Note: Scleroderma News is strictly a news and information website about the disease. It does not provide medical advice, diagnosis, or treatment. This content is not intended to be a substitute for professional medical advice, diagnosis, or treatment. Always seek the advice of your physician or other qualified health provider with any questions you may have regarding a medical condition. Never disregard professional medical advice or delay in seeking it because of something you have read on this website. The opinions expressed in this column are not those of Scleroderma News or its parent company, Bionews, and are intended to spark discussion about issues pertaining to scleroderma.


N. Forcier avatar

N. Forcier

Lisa, everything you wrote in your article is so true! I try to continue my life as if I wasn’t sick. I have rearrange my life to train every day, and use meditating apps to breath deeply and recenter. Training your brain to keep a strong mind is key, in as much as keeping good health habits (physical activities, good nutrition, getting enough sleep, avoiding stress-causing elements, etc.). It takes a lot of discipline, but it is within your control.

Meri Logan avatar

Meri Logan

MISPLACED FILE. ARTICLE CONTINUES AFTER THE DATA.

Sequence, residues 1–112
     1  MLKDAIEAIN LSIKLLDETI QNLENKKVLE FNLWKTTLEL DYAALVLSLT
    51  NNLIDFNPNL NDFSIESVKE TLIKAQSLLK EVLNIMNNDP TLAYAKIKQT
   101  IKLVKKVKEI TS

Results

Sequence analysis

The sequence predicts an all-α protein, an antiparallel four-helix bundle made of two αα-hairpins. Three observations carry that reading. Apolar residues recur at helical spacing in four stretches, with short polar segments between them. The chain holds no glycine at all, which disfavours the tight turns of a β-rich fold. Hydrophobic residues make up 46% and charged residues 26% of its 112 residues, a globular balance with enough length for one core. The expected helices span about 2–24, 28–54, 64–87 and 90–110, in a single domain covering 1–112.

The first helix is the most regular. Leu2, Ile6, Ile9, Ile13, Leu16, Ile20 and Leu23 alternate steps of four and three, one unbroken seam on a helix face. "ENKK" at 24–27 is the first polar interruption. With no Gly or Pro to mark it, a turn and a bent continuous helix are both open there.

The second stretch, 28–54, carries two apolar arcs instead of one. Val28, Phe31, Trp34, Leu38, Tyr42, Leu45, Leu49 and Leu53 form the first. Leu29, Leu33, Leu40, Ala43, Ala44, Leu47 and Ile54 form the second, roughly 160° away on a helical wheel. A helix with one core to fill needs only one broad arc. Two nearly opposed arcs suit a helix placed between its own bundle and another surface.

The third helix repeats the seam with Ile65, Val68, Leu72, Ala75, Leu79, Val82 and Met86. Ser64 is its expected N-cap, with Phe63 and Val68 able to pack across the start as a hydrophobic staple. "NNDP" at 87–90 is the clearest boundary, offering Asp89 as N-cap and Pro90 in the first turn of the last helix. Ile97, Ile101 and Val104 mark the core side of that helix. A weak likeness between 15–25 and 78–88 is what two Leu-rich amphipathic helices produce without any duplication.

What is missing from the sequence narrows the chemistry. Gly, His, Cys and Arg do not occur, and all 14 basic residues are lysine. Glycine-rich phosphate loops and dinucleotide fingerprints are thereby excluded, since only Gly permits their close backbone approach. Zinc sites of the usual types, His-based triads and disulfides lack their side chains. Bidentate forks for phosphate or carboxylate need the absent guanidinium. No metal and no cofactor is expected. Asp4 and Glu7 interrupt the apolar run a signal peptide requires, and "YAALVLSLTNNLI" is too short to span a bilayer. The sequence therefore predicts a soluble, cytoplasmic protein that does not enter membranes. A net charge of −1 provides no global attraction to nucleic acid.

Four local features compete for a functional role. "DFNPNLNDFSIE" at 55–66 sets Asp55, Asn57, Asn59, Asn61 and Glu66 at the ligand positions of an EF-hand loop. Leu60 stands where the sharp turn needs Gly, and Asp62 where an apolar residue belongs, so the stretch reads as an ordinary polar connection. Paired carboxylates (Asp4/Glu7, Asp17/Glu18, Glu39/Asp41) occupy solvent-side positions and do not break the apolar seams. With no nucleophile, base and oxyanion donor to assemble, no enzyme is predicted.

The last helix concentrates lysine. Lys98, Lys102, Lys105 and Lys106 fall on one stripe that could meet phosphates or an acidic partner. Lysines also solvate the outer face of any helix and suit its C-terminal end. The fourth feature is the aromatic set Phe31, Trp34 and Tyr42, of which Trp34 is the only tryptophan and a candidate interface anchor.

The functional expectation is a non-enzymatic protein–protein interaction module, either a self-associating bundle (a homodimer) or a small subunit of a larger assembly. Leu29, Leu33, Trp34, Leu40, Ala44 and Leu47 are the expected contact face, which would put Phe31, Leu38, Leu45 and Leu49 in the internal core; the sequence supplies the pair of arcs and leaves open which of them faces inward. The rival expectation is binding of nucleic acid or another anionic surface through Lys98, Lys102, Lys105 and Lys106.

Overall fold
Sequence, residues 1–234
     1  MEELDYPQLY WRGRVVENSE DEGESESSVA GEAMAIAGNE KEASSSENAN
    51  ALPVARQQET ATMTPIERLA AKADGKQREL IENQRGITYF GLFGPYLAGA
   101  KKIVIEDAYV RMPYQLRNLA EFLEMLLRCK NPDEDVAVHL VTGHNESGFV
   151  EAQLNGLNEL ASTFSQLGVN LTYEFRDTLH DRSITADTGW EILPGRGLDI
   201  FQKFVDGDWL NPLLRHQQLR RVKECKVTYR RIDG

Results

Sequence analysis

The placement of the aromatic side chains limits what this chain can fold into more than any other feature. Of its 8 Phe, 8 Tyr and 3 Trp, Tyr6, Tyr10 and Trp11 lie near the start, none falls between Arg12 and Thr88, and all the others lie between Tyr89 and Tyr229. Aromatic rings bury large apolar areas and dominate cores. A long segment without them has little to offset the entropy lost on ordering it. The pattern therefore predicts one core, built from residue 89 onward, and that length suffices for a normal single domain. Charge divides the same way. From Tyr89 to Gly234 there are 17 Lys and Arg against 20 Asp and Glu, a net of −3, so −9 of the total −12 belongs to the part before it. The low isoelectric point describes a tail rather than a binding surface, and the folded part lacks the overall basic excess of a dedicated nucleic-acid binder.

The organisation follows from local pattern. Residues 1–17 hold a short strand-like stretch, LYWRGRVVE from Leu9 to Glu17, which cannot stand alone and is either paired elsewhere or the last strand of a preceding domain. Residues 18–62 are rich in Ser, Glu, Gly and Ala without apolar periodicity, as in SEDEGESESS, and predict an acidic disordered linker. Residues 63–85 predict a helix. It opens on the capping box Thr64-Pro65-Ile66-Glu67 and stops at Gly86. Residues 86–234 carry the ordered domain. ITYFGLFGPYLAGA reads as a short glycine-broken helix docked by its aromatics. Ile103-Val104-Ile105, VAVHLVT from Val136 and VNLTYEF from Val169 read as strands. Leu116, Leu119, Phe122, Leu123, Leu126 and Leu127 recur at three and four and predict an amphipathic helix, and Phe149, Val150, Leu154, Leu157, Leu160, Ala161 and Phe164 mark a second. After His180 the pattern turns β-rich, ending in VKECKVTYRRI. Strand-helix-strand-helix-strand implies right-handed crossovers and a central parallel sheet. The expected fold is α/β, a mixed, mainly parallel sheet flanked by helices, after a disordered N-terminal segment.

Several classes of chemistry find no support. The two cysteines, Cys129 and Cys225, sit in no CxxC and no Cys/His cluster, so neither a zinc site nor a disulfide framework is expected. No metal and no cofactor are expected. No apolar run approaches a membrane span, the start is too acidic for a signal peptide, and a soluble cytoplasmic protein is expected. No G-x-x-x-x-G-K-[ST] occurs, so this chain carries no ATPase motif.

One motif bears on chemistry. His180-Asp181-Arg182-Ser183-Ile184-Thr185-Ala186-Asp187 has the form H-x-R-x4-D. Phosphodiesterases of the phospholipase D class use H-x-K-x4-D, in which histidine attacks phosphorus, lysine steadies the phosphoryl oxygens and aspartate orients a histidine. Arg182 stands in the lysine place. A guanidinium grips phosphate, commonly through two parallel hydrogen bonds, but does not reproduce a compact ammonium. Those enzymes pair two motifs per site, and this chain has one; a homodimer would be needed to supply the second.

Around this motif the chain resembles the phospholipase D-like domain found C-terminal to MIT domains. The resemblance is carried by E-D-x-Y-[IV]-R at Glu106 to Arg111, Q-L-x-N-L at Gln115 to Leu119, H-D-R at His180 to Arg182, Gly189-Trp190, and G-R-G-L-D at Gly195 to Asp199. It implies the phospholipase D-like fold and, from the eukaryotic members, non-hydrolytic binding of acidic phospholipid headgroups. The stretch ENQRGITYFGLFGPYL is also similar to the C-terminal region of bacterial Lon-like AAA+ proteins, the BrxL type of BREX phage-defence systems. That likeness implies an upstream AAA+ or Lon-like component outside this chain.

Your story except for the kids is the exactness of mine. Thoughts and all. I cook for my husband all the time. I sew and I built furniture. And pretty good at it all. I'm turning 70 this year and I stopped working 4 years ago. This disease has taken away from my looks that I intented to have all the way into an old lady like my mom. I head full of beautiful hair has turned into now a trip to great clips for a #5 cut with the clippers all over. Most of time my day consists of a trip to the P.O. to mail stuff Ive made my sister. And a trip to buy grocery. Some days roll around like you said where I dont even feel like I'm sick. But that day will come evidentually where I am throw down and put in my place. At least once a week. So sad to have to put it that way but I need the freedom to call it what I need to so people not be misled that I am not playing.